The St Jude’s Day storm really rattled southern England. In the end it didn’t quite live up to the hype, but it sure got people talking. And this week, insurer RSA announced that it’s taking quite a hit from the destruction caused by St Jude. The shares promptly fell 8%.
But these sorts of things need to be taken in context. This is the insurance game, after all. Like the newspapers, it looks like the market has overreacted to the storm.
In fact, what usually happens is premiums tend to rise after these sorts of events. The long-term effect of a catastrophe really isn’t quite as horrific as it first seems – at least, not for the industry.
And I for one quite like the insurance sector. Today, I’ll show you why.
The best bit of the financial sector
I’m not a big fan of the financial sector – especially not the banks. But I do like to have a toehold in most sectors. And the insurance industry isn’t a bad area to be involved in.
The sector is full of income plays, and in terms of valuation, it isn’t very expensive. Trading on 12 times earnings, it’s a little bit below the market average of 14 times. In fact, in the case of RSA, the insurer is now left trading at ten times this year’s prospective earnings, while paying a 5% yield.
But, as this week’s announcement by RSA shows, the insurers are exposed to catastrophes. Even though in the scheme of things, October’s storm really wasn’t a biggie.
And to my mind, the announcement of profit downgrades is often the best time to buy. The City boys go frantic for a while. It’s almost as if it’s their job to react (or should I say overreact?) to market news. But things have a habit of calming down.
Here’s one we looked at earlier
Insurance is a cyclical industry. You just can’t get away from that. During the good times, premiums tend to rise. Things go well for a while. But then the insurers start to get greedy – they want to win more market share, so competition drives down premiums. Of course, I’m not talking about your household premiums – those always seem to go up! I’m really talking about the commercial side of the business.
And when disaster strikes, they always seem to strike together. Take 2011…
Back in 2011, I introduced readers to one of my favourite insurers, Amlin. At the time it was trading at around £4 and yielding over 5%. Not a bad income play, and the shares had been growing very well for the last decade. Solid stuff!
But no sooner had I mentioned the sector than the gods turned against me. 2011 turned out to be the insurance industry’s annus horriblis.
A Japanese tsunami, a major earthquake in New Zealand, flooding in Thailand. That was just in the East! In the States, Hurricane Irene added to the massive destruction caused by freak tornadoes and all sorts of other freak weather conditions. Europe didn’t escape either, where conditions nearly submerged Denmark.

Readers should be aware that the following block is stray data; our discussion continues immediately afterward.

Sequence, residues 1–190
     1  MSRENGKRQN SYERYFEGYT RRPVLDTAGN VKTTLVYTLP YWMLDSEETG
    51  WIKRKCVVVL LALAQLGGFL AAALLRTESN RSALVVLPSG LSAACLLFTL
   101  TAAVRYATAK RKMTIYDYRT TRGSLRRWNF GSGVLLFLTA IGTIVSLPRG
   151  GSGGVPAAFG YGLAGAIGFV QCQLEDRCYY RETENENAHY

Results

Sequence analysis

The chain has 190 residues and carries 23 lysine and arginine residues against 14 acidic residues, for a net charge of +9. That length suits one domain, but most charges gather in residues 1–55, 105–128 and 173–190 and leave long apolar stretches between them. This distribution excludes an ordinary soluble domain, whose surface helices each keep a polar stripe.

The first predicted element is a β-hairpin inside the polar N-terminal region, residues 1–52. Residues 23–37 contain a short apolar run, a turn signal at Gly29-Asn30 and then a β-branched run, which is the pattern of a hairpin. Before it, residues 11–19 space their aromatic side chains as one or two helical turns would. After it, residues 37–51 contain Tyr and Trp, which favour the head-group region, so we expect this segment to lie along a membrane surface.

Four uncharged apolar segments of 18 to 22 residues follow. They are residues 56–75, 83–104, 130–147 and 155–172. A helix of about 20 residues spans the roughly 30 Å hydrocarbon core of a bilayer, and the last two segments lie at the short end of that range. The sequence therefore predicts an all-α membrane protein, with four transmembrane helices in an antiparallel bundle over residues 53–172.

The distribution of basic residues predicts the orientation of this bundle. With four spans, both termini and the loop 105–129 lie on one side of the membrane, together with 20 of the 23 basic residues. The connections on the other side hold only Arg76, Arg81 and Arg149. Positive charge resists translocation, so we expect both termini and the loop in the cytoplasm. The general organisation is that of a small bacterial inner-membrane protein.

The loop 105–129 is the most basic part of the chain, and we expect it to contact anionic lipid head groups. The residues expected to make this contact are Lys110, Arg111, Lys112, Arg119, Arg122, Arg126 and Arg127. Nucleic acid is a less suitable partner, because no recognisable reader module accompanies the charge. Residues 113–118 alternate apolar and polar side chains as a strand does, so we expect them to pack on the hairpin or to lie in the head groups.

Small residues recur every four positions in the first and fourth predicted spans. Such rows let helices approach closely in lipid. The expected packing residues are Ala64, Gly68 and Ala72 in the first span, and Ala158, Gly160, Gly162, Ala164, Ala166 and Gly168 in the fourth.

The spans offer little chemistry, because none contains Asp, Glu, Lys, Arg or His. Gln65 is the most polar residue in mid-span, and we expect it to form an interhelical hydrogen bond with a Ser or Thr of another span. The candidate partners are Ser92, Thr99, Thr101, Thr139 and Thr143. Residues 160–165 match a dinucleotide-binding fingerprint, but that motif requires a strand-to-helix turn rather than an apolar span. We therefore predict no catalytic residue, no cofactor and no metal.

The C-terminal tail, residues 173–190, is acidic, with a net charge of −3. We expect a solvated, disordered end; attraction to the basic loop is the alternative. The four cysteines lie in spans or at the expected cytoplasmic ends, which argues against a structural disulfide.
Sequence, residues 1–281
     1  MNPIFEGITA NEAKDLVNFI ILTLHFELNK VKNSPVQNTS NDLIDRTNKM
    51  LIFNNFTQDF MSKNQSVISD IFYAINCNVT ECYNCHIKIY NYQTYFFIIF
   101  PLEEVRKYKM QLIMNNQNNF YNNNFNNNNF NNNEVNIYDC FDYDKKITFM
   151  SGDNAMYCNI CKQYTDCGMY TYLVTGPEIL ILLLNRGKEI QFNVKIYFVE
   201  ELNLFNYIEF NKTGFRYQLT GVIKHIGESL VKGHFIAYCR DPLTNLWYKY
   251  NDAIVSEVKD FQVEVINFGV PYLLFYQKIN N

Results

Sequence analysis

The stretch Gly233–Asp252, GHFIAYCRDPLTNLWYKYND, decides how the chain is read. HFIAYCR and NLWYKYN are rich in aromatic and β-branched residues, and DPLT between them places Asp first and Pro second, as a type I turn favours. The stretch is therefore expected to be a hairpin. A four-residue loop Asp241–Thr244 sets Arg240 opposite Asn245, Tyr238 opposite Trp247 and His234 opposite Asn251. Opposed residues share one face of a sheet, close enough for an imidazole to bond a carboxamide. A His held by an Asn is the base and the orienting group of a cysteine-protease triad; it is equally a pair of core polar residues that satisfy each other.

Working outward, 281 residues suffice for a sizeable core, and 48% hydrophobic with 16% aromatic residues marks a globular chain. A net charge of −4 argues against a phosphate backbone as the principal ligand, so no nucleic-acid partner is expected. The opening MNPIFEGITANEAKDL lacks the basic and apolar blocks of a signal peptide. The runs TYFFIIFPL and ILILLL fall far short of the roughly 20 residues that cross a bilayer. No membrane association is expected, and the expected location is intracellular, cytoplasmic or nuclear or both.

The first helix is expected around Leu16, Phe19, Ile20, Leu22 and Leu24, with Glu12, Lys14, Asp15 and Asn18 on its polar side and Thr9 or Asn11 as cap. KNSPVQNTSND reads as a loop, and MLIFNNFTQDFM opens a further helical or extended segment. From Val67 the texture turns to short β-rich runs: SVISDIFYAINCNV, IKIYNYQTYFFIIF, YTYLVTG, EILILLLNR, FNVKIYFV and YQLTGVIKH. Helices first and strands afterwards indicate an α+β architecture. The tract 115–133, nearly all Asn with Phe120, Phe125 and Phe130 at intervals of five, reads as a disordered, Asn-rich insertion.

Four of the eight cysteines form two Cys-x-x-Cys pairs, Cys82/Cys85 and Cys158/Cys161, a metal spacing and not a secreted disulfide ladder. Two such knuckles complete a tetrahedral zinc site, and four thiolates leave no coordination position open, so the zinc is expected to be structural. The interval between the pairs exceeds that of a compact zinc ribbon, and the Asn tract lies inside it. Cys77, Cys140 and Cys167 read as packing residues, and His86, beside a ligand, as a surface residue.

Amlin took a pasting, ending the year at under £3.
But the industry – and the stock – subsequently bounced back. In fact, I’ve got an interesting chart to show you. It’s a summary of Amlin’s key figures over the last five years, with forecasts for the next two.
Now, the first thing to look at is the red box I’ve highlighted. It shows Amlin’s earnings per share (EPS).
The EPS figures have been up and down like a dog at a fair!
Take 2009, when Amlin reported earnings of 94 pence per share. That’s an amazing income for a stock which traded at about £2.50.
But then there have been horrors too. In the previous year, earnings were only 17p, while 2011’s travails saw the business lose a whopping 30p per share.
There is no doubt that this is a volatile game!
But that’s not really what matters. The most important thing to investors are the figures I’ve highlighted in the green box. That is the dividend – your income.
Just look at how Amlin has consistently raised its dividend throughout the period. Even in 2008 when the business only generated 17p (per share) in profit, it paid out every penny of it as a dividend. Even in 2011, when the company lost 30p per share, the dividend was maintained at 23p.
This is what long-term investing is all about. Solid companies that gradually grow profits over time and grow your income stream. Sure, there will be catastrophes, but that’s no reason to lose sight of your long-term goals.
For RSA, the St Jude’s Day storm was, as they say, a storm in a teacup. It’s not a good reason to dump the stock. That said, like any other business, insurers are not immune to messing things up, even without the ‘hand of God’.
RSA’s management is struggling to keep hold of the reins. Many in the City want to see the CEO out on his ear. The dividend has been cut and problems seem to be cropping up in many different areas of the business.
These are things that should rightly concern investors in the insurance sector, as in any other. But catastrophe is no reason to sell. If anything, it’s a reason to buy.
Next week, I’ll show you an interesting way into the sector.